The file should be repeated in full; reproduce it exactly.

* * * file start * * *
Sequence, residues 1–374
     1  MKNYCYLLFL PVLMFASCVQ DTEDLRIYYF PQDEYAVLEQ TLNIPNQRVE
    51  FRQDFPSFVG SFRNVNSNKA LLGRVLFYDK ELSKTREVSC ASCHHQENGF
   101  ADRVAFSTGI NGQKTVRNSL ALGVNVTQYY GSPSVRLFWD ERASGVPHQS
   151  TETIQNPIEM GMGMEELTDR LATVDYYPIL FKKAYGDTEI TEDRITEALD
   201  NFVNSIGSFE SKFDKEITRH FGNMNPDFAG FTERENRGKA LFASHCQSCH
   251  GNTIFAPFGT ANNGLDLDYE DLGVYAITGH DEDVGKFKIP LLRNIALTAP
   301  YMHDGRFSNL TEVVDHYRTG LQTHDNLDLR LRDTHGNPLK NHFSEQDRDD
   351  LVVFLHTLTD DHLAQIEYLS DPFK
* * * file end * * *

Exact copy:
Sequence, residues 1–374
     1  MKNYCYLLFL PVLMFASCVQ DTEDLRIYYF PQDEYAVLEQ TLNIPNQRVE
    51  FRQDFPSFVG SFRNVNSNKA LLGRVLFYDK ELSKTREVSC ASCHHQENGF
   101  ADRVAFSTGI NGQKTVRNSL ALGVNVTQYY GSPSVRLFWD ERASGVPHQS
   151  TETIQNPIEM GMGMEELTDR LATVDYYPIL FKKAYGDTEI TEDRITEALD
   201  NFVNSIGSFE SKFDKEITRH FGNMNPDFAG FTERENRGKA LFASHCQSCH
   251  GNTIFAPFGT ANNGLDLDYE DLGVYAITGH DEDVGKFKIP LLRNIALTAP
   301  YMHDGRFSNL TEVVDHYRTG LQTHDNLDLR LRDTHGNPLK NHFSEQDRDD
   351  LVVFLHTLTD DHLAQIEYLS DPFK